Blogpost series: Current protests for climate protection

As the protests for more political engagement in climate protection have spread to even more countries and expandend from schoolchildren protesting on “Fridays for Future” to “Scientists for Future” supporting them, we have decided to publish a series of blogposts on this social movement, its coverage in the debate and in media reporting.

This post will serve to compile a list of the blogposts related to this topic.

Part 1: “Fridays for Future” – Can the next generation save our world?, January 27, 2019

Part 2: Public protests “for future” as part of citizenship – children and scientists included, March 15, 2019

Part 3: “Yes, but“-narrative in the German climate debate, March 20, 2019

Part 4: Science for Dummies, March 20, 2019

There is also a report about the climate change protests in Boulder, Colorado (USA) on our partner blog, as well as a comment by Max Boykoff why “The kids are all right”.

To grow or not to grow? About a crucial debate for the future of the climate

by Christopher Pavenstädt

The climate question is all about the limits. Carbon budgets, tipping points, ticking clocks and planetary boundaries are just some buzzwords flying around in talks about a menacingly waltzing climate change. This has always been a problem, as the main goal of most countries is economic growth: unlimitedness of a social system meets planetary limits.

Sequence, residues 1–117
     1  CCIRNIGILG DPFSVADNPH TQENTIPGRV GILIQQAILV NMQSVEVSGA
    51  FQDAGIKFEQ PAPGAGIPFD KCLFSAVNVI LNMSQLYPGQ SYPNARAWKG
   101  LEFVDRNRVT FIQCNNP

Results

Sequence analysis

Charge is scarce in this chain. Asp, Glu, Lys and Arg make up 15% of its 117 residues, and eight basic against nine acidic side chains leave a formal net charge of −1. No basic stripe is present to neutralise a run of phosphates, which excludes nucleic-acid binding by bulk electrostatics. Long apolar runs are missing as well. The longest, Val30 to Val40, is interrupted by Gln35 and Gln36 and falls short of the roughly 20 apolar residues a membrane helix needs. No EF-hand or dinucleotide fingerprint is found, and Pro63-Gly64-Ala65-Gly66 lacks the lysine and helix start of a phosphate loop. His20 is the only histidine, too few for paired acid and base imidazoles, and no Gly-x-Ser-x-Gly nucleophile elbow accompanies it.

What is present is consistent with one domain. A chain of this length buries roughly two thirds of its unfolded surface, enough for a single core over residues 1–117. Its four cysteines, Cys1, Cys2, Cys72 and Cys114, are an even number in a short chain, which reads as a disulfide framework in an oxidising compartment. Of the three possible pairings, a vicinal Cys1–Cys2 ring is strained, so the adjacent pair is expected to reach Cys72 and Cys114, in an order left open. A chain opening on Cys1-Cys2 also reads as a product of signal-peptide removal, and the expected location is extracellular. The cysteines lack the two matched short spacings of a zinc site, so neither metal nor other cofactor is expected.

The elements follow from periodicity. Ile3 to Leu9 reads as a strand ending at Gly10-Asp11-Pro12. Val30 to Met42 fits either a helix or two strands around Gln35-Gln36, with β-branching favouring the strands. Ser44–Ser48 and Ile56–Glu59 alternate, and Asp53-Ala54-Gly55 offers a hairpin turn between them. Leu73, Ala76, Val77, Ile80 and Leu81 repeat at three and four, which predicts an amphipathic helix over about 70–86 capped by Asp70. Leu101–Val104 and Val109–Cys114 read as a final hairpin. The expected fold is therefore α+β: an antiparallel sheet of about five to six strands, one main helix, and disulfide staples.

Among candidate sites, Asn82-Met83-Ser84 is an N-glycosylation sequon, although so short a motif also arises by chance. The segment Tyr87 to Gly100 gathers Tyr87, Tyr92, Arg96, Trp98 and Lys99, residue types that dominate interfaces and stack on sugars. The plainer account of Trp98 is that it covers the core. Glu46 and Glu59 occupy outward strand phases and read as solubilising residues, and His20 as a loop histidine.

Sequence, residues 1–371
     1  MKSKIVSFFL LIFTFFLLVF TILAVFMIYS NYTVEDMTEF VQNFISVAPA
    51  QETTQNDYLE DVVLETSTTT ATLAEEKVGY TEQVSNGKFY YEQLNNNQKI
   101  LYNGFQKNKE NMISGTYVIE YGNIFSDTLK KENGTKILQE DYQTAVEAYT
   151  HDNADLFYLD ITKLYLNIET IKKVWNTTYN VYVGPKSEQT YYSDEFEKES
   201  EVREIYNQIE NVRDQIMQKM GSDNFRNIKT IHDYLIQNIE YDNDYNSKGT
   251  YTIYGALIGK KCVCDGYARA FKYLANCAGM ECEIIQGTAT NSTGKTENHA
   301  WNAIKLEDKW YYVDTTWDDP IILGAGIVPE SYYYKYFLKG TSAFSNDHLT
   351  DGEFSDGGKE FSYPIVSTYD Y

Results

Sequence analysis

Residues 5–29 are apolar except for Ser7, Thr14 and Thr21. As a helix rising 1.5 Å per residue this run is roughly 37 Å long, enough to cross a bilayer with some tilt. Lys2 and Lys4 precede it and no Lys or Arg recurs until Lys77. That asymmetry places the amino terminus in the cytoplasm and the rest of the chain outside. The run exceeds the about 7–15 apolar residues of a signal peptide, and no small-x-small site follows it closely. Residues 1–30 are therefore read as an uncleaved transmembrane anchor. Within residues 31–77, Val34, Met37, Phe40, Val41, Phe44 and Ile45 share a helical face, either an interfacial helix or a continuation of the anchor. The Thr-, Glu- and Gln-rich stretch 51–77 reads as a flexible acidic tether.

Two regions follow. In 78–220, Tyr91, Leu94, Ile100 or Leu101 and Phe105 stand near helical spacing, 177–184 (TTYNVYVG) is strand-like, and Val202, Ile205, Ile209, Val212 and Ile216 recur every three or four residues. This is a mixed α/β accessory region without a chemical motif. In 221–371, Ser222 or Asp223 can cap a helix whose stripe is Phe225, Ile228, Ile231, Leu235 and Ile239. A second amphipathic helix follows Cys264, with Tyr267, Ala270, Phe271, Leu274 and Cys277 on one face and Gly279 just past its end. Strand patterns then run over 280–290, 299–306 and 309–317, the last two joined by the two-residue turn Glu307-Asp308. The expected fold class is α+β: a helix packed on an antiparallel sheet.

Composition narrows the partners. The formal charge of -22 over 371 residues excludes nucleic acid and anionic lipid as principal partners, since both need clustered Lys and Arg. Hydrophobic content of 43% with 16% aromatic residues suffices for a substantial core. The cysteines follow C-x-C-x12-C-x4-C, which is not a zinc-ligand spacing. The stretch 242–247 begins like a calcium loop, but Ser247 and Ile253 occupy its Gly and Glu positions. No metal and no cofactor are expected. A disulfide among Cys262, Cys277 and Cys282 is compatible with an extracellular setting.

From limits to growth to the birth of Green Growth

This dilemma was noticed as early as 1972. The Club of Rome report “Limits to Growth” marked the beginning of thinking that there could be inherent limits to the ways carbon-dependent societies are functioning. But already with the political neo-liberal climate of the 1980s and 1990s, the notion of “limits to growth” vanished from public discourse. The idea of a Green Growth was born, arguing there could be both: economic growth AND environmental protection.

Graffiti of Margaret Thatcher "There is no alternative"
Margaret Thatcher – image by trensistor.fr

Continue reading To grow or not to grow? About a crucial debate for the future of the climate

Greenwashing’s new distant cousin

by Clara Nack

“Act Responsibly Even when You Don’t.” Next to this ambiguous slogan, two young models in jeans are lolling about, promoting Diesel’s Green Label, the brands’ sustainable line. And this is what follows: “Go crazy and at the same time treat the planet with our responsible pieces from the Fall Winter 2020 collection”. Sustainability and shopping the new arrivals of each and every season – how “consciously” and “responsibly” sourced they may be – does that match? On another rather urgent note: I still needed Christmas presents when I read this.

Screenshot Diesel Jeans

Googling “sustainable gifts” will return all sorts of attractive results that labels have not only given the Christmas coat of paint, but also a supposedly green one. And in 2020, sustainability as an incentive to buy has had other suits made to measure. There is the #supportyourlocals hashtag, with which online retailers such as Amazon and Zalando are luring me to buy, buy, buy and feel good about it. It’s Christmas after all and everyone should share a piece of the cake. Continue reading Greenwashing’s new distant cousin